Despite the decrease in official unemployment, the jobs scene is still pretty bad. Asha Bangalore of Northern Trust provides this disappointing summary, "The main takeaway from these numbers is that the number of jobs created since the recovery commenced in June 2009 is troubling and raises the level of concern for policymakers." She notes that "the level of employment. . .is still significantly below the prior peak even after nineteen months of economic growth." She could just as easily said "apparent economic growth." The same employment story is told by Business Insider's "scariest Jobs chart ever."
Of course, our rulers want to appear on the job doing what they can. According to a Bloomberg news story,"President Barack Obama is stressing job-creating public investments in education, technology and infrastructure as he prepares to send a budget to Congress." One should note that these are less examples of investment than they are of government consumption.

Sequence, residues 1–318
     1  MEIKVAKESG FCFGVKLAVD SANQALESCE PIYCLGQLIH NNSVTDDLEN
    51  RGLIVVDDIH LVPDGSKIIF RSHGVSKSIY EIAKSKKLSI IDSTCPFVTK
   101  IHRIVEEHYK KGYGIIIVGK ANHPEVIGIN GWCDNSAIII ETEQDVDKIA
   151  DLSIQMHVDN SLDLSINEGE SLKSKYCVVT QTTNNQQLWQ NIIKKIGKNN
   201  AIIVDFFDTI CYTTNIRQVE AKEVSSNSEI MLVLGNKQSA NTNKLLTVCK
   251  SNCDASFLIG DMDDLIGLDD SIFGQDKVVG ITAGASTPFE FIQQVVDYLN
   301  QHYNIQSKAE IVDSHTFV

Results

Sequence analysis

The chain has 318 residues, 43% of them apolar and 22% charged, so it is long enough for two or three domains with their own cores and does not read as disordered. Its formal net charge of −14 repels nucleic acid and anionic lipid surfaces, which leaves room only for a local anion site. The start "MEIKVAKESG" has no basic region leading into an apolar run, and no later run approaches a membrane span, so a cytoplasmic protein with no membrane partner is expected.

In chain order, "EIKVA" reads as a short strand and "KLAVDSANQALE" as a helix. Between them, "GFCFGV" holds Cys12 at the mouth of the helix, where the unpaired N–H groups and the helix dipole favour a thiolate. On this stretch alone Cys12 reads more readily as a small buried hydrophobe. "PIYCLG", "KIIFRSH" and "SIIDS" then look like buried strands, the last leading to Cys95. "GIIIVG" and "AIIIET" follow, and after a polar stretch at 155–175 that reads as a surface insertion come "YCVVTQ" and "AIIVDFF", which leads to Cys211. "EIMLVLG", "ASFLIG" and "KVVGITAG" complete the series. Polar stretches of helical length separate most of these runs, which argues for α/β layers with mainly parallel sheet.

If we really want to lower the unemployment rate, we should cut government spending and taxation, eliminate unemployment compensation, and abolish the minimum wage. Lower taxes and government spending would foster private capital accumulation and work to increase demand for productive labor. Getting rid of unemployment subsidies and minimum wages would greatly work toward achieving market clearing wage rates.The longer we hamper labor markets from freely adjusting to new economic realities, the longer we perpetuate unemployment.